Coral Gables narrowly approves new deal with firefighters union
Image via Coral Gables Firefighters Association Local 1210.

Coral Gables Firefighters Local 1210
The new deal passed 3-2 and will provide city firefighters with significant raises through 2026.

After three years of contract negotiations that grew so deadlocked in January that the two parties went to arbitration, Coral Gables and a union representing its fire rescue personnel have struck a deal — with a stern warning from the Mayor.

Coral Gables Firefighters Association Local 1210, which represents 137 city firefighters, and the city agreed to new terms that include both retroactive and progressive salary increases.

Eighty-six percent of the union members voted for the new terms, which its president, David Perez, said will ensure the city can “recruit and retain the best talent” and continue providing “the high quality service (residents) have come to expect from our firefighters and paramedics.

The City Commission approved the deal Wednesday by a 3-2 vote.

The new contract includes across-the-board raises of 2%, retroactive to October 2021 and 2022; across-the-board wage hikes of 3.5%, effective in October 2023 and 2024; and 3% raises on Oct. 6, 2025.

There is also a “Step Pay Plan” to reward continued service through yearly pay increases, inclusive of mandatory 5% raises at the 10th, 15th and 20th year of service. Further, the deal includes a one-time payment of $550 per year of service up to 10 years.

Coral Gables also agreed to maintain staffing levels so at least 32 firefighters can be on duty daily. If the city expands or reduces its coverage area, that daily staffing level would be “increased or reduced accordingly.”

In cases of downsizing, Coral Gables agreed to let go of personnel on the basis of seniority, with no new people able to be hired until the recently terminated personnel are given an opportunity to return to work.

Mayor Vince Lago, who joined Vice Mayor Rhonda Anderson in voting against the measure, said the compounded raises given to the firefighters are fiscally irresponsible and ignore current economic trends.

He cited several news reports, including a March article in Fortune that asserted a recession in 2023 is “inevitable” as “layoffs and finance will spread to other sectors.” The city’s human resources director, Raquel Elejabarrieta, confirmed the contract contains the highest compounded rate of pay raises for firefighters in the last decade.

Lago advised caution, adding that when he was first elected to the City Commission in the early 2010s, he heard complaints from firefighters at the time who’d had their benefits cut due to the Great Recession.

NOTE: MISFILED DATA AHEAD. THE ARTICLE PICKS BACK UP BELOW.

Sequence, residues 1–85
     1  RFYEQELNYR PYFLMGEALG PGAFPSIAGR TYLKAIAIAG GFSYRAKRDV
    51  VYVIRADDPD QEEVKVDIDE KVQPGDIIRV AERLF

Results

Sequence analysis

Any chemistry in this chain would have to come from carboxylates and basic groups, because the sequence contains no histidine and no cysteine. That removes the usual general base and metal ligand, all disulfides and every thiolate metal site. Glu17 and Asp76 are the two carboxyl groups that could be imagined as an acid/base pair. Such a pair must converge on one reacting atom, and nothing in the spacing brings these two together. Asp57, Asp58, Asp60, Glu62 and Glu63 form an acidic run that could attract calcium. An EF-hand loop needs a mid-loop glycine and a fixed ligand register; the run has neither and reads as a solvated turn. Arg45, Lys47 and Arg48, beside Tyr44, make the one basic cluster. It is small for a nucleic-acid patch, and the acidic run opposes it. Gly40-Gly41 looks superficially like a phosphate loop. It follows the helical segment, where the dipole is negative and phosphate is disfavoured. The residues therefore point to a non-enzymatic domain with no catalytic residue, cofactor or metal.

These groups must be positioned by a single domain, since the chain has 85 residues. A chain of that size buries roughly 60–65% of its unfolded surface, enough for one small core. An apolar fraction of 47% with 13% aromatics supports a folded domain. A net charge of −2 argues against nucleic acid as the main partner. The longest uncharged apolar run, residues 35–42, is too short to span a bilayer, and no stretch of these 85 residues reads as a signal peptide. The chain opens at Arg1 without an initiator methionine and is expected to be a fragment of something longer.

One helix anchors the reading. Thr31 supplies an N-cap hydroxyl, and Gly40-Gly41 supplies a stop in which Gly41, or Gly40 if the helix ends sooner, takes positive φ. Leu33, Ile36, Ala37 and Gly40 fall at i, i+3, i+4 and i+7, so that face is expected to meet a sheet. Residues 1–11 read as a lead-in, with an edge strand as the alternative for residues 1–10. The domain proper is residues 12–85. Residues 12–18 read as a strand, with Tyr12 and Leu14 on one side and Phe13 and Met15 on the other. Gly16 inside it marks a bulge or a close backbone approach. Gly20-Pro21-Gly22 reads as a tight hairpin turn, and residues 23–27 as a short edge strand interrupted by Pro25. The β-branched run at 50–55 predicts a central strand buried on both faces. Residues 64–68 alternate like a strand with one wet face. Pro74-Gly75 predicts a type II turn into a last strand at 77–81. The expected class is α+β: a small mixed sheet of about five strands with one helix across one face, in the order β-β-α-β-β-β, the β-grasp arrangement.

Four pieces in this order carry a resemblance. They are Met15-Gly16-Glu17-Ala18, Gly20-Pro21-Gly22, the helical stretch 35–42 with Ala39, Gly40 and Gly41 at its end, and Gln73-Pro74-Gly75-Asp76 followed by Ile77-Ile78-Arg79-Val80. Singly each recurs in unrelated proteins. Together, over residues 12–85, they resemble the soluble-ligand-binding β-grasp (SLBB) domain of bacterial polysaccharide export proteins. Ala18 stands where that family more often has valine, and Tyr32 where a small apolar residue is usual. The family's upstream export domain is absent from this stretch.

“Just because you give a benefit, you may have to deal with that later, and the more that you give takes away from a litany of other things happening here in the city,” he said. “My point is simple: This is too rich for my blood. This is a situation where we have to be very careful.”

Ariel Fernandez, who voted yes alongside fellow Commissioners Melissa Castro and Kirk Menendez, said he’d take the advice of Elejabarrieta and city staff, who recommended the city approve the new terms.

He argued there was a logical disconnect in denying the Coral Gables firefighters a long-sought compensation upgrade while the city is considering revenue reductions elsewhere and giving raises to other staff.

“We hear winter is coming. We hear a recession is coming,” he said. “And yet the Mayor is talking about cutting the millage rate and putting our city in very tough financial straits for the future.”

Around mid-January, Local 1210 leaders declared an impasse in contract talks with Coral Gables administrators, complaining they had not received “any tangible offers” to address the city’s recent growth and further expansion expected in the next several years.

The group noted several developments in the city it believed merited more favorable agreements. They included some 30 construction projects then in development, and a passel of high-rise towers built in recent years. Over the past five years that has resulted in a 14% increase in call volume, prompting Perez to request more fire rescue staff to handle added demands.

There’s also a trio of annexations the city has planned.

Jesse Scheckner

Jesse Scheckner has covered South Florida with a focus on Miami-Dade County since 2012. His work has been recognized by the Hearst Foundation, Society of Professional Journalists, Florida Society of News Editors, Florida MMA Awards and Miami New Times. Email him at [email protected] and follow him on Twitter @JesseScheckner.

One comment

  • Sonja Fitch

    September 15, 2023 at 4:53 am

    Damn!!! At first glance this is a damn good deal! We have to have our First Responders! We owe them the best we can do financially and job security! Common Good!

Comments are closed.


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